City Park will also be closed, with certain parts of the park closing throughout Sunday, with the full park closed Monday. The closure will last through at least Tuesday, but could last into Wednesday and beyond, city officials said. 

A boil water advisory has been issued for the Lower Ninth Ward and a portion of the Upper Ninth Ward Sunday. 

Residents in the area are advised to use bottled or boiled tap water to cook, clean or brush teeth. 

The advisory comes ahead of a hurricane, which could complicate the ability of crews to fix the water pressure, which dipped during planned valve work. Boil water advisories last for at least 24 hours because of the length of time it takes to fix them and for samples to be sent for contaminant testing. 

Hurricane Marco will likely not become stronger than a Category 1 storm as it treks north across the Gulf, because a buffer of warm, dry air to the west will prevent it from gathering strength and moisture. 

Laura’s path continues to be uncertain because the storm is headed over the entirety of Cuba, throwing a wrench into the usual meteorological prediction methods. 

Trash pickup on Monday and Tuesday has been canceled for St. Bernard Parish because of Hurricane Marco, parish officials said Sunday. 

Residents should bring their garbage bins inside or secure them somewhere they won’t become projectiles if picked up by the wind. 

Curbside pickup will begin once weather conditions improve. 

Gov. John Bel Edwards laid out the government’s preparations for Laura and Marco ahead of Marco’s arrival in the state as a hurricane.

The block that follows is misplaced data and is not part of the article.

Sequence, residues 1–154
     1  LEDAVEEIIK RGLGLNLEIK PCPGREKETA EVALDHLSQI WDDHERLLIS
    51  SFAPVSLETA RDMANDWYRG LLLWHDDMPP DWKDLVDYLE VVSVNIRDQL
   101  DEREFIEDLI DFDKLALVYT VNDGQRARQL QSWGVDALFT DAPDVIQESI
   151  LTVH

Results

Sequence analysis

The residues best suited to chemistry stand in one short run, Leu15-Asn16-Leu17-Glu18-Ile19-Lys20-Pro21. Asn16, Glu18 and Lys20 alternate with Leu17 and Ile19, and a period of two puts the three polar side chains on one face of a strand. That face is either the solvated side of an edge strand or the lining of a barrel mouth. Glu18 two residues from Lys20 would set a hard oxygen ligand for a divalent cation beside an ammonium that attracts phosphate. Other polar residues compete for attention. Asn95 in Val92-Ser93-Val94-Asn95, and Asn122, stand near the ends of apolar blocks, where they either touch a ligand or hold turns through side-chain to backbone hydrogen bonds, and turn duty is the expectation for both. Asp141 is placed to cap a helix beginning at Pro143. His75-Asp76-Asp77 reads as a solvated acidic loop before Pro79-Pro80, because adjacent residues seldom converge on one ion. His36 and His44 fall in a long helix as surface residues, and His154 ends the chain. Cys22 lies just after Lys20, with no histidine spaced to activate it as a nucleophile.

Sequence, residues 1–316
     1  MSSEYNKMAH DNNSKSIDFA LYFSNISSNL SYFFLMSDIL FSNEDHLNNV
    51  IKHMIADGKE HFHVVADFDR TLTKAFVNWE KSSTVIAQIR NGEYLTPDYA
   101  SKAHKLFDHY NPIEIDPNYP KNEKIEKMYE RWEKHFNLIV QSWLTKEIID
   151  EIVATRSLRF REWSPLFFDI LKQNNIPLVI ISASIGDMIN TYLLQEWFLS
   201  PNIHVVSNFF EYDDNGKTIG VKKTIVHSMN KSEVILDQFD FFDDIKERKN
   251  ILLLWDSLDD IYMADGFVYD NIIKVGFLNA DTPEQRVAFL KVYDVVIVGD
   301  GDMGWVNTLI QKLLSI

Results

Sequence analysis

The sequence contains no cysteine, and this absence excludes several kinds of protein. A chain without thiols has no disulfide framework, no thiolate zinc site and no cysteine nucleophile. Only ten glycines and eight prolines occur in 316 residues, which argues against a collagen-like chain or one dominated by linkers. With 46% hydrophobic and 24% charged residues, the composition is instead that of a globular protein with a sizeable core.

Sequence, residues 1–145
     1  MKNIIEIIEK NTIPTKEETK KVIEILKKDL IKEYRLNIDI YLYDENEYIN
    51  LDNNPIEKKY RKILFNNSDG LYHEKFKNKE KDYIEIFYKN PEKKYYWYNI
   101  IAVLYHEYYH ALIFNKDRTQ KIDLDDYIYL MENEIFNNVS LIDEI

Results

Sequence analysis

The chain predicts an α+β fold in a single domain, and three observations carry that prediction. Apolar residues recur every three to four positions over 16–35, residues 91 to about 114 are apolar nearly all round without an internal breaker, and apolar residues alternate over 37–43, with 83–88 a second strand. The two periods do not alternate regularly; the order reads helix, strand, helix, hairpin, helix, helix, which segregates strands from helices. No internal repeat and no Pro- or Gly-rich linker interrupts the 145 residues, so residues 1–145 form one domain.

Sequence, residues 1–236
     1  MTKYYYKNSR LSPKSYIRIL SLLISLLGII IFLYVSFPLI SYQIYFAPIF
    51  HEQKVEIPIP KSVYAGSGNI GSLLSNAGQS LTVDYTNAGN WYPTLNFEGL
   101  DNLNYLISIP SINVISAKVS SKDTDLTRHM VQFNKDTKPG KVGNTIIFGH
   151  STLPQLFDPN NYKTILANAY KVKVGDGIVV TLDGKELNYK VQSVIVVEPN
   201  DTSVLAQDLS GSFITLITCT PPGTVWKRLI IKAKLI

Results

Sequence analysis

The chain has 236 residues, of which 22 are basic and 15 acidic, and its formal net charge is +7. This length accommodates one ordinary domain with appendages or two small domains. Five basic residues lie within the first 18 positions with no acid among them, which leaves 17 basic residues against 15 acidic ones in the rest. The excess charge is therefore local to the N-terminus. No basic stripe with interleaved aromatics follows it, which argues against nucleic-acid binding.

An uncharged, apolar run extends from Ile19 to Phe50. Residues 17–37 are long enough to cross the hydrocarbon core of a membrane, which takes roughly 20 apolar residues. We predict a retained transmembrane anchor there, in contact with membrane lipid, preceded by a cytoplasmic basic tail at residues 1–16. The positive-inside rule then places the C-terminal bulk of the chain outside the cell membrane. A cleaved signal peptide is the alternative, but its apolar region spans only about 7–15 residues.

He said 17 parishes have already declared emergency orders and that more than a dozen more were preparing to do so. 

Another update from Edwards is expected at 6 p.m. 

The New Orleans Sewerage & Water Board said Sunday ahead of Hurricane Marco’s arrival that all 99 drainage pumps in the city are online and ready for rain. 

Four of the utility’s power-generating turbines are online, as well as five “electro-motive diesel” generators and five frequency changers to convert the power to one useable by the city’s antiquated pump infrastructure. 

S&WB officials emphasized that the drainage system’s age means it is vulnerable to storm-related challenges, including generators or turbines going down. 

Residents in low-lying areas of the city should prepare for street flooding. 

Hurricane Marco is swirling over the Gulf of Mexico, expected to bring storm surge and hurricane-force winds to Louisiana on Monday.

Meanwhile, Tropical Storm Laura has knocked utilities out as it batters Hispaniola, following a track forecast to take it to the same part of the U.S. coast later in the week, also as a hurricane.

It could be the first time two hurricanes appear in the Gulf of Mexico simultaneously, according to records dating to at least 1900.

Here is the full press conference from St. Tammany Parish ahead of the storm: